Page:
I now hear it commonly said that inflation is the big problem so the Fed needs to tighten to fight inflation, which will make things good again once it gets inflation under control. I believe this is both naïve and inconsistent with how the economic machine works. While tightening reduces inflation because it results in people spending less, it doesn’t make things better because it takes buying power away. It just shifts some of the squeezing of people via inflation to squeezing them via giving them less buying power. The only way to raise living standards over the long- term is to raise productivity and central banks don’t do that. — Ray Dalio, June 21, 2022

For us, the end game remains the same. We see a pretty poor risk reward over the next 3-6 months with recession risk rising in the face of very stubborn inflation readings. Equity valuations are closer to fair at this point but hardly a bargain if earnings are likely to come down and/or a recession is coming. We recognize a lot of pain has already been inflicted during this bear market. Nevertheless, we can’t yet get bullish for more than just a bear market trade until we reach the 200-week moving average of 3,500. Even then, we would only expect an oversold bounce until recession risk falls materially. — Mike Wilson (Morgan Stanley), June 21, 2022

Calls to be on recession watch abound. Between an aggressive global central banking community and headline inflation showing no signs of abating, it follows intuitively that investors are increasingly cautious that the Fed’s actions will ultimately lead to a contraction of real growth. The bulk of the narrative is focused on higher borrowing costs undermining hiring and rate hikes having their intended effect. There just appears to be a collective abandonment of the ‘soft-landing’ scenario — but was that ever really on the table? Moreover, while the prospects for a slowdown are being framed as an early-2023 risk, we’re reminded that with second quarter’s GDP tracking at 0.0% in the wake of Q1’s -1.5% print, the higher headline inflation is in June, the more material the prospects for a technical recession in 2022 become. Alas, this wouldn’t be the type of slowdown monetary policymakers would respond to; however, investors might be more inclined to trade it as such. — Ian Lyngen and Ben Jeffery (BMO Capital Markets), June 21, 2022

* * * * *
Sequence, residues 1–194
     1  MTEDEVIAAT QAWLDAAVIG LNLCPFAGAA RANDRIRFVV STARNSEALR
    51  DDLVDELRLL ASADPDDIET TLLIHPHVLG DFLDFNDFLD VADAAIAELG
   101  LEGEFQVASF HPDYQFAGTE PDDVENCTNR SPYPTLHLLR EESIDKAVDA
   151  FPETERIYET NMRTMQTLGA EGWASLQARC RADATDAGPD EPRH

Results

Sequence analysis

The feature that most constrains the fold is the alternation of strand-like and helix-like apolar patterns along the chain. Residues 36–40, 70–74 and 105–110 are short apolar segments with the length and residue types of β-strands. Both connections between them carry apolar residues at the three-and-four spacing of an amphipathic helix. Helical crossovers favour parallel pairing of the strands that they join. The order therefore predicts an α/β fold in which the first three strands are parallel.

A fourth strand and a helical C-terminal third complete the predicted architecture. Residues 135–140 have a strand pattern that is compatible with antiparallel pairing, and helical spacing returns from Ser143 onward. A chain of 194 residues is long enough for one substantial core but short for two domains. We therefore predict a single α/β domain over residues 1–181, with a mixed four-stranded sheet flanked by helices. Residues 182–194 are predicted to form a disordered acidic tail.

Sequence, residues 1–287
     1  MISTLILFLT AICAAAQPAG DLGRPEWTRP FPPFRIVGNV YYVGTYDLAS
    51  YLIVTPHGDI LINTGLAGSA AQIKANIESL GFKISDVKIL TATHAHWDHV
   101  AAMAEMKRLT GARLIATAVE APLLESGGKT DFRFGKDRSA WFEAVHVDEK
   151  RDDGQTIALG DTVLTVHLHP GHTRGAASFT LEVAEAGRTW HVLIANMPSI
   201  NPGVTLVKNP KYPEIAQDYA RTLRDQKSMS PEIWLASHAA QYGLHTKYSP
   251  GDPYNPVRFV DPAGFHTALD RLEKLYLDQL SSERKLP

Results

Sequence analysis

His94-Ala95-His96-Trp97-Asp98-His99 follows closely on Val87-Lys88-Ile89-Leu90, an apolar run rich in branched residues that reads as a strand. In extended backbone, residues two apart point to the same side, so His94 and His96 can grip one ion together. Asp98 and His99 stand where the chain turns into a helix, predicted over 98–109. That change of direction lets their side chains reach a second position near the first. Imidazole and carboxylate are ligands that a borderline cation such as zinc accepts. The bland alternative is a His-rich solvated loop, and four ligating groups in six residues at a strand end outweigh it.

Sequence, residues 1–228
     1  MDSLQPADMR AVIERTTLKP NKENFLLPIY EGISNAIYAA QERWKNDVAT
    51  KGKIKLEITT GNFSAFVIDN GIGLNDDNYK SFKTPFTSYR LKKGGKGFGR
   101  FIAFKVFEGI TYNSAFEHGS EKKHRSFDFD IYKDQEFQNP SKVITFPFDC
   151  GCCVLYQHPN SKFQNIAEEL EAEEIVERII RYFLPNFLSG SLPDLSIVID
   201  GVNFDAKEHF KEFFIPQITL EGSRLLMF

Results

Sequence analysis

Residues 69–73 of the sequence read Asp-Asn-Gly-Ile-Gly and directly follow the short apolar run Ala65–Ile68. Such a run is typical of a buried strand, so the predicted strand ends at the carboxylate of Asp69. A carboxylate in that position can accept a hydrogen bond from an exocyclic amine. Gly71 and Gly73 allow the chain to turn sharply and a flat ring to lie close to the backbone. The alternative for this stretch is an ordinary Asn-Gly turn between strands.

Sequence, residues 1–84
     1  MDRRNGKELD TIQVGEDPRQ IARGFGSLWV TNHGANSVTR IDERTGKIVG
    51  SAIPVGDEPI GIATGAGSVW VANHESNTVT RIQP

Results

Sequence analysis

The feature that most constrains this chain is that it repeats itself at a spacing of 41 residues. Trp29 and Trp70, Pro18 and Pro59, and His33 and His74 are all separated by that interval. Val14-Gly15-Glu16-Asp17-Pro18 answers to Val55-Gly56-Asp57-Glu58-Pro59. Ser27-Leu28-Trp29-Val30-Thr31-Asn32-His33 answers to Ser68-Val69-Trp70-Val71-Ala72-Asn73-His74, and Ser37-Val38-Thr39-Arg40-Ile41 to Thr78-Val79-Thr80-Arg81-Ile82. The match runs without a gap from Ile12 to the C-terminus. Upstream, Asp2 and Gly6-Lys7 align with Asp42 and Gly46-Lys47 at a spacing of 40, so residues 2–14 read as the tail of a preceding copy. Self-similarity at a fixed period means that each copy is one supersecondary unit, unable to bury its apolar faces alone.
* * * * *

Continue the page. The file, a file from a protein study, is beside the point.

The Fed seems to be worried more about its legacy than the economy: It is ignoring deflationary and dangerous signals. Relying on lagging inflation indicators like the CPI, Fed Governor Waller is calling for another hike of 0.75% in July. In our view, the US fell into recession during the first quarter. If massive inventories bloat real GDP in the second quarter, they will unwind and hurt growth for the rest of the year. Alarmingly, in early June consumer sentiment fell to a record low extending back to the 1940s. As measured by the University of Michigan, consumer sentiment is lower today than levels reached during the Global Financial Crisis in 2008-09 and the two recessions in 1980-82 when Fed Chairman Volcker was choking 15%+ inflation with 20% interest rates. Volcker doubled the Fed funds from 10% to 20% in less than a year. Powell’s Fed has increased the funds rate 7-fold in the last year and is pointing to another double from here. Its moves already are more draconian than Volcker’s. If inventories and stock prices are leading indicators for employment and wages, which in this case I believe they are, then fears of cost-push inflation a la 1970’s should disappear during the next six months. — Cathie Wood, June 19, 2022

Clearly from her tweet, Wood does not get the punchline of real Fed funds still being highly negative regardless of how much it has risen from very, very small levels in percentage terms. We are very, very far from Volcker territory. We are nonetheless heading for more crashes, bangs and wallops because of how much more financialized the US economy is now than under Tall Paul. — Michael Every (Rabobank), June 21, 2022

I was talking to Larry Summers this morning, and there’s nothing inevitable about a recession. — Joe Biden, June 20, 2022


11 thoughts on “From Kelton To Krugman To Dalio: A Recession Diary

  1. I ran into burning buildings for a living. If there is smoke there must be fire is very far from the truth. I stopped reading politics and only economics and now I’m having my fill of the chattering class here in the world finance. Everybody but everybody has a soapbox in the Internet age. In hindsight one or two people are bound to be right.
    Young people want a productive and vibrant economy but the older people want a crash so they could buy cheap. That’s how financial people make their money with poor peoples blood on the street.
    Too bad the fallacy that wisdom comes with age is believed by the young.

    1. Older people tend to be in charge of businesses, media, and the government. Their concerns drive the news cycle. They get worried when their jobs and retirement savings are threatened, and some get hysterical. Young people have time and should be calm. Young people should be happy when markets decline. They should want them to stay low so that they can invest at lower valuations for longer. And they should hope for massive rallies before they retire. Things don’t work that way, of course. But as long as young people can stay employed and continue investing (admittedly those are big IFs), they should be happy with market downturns.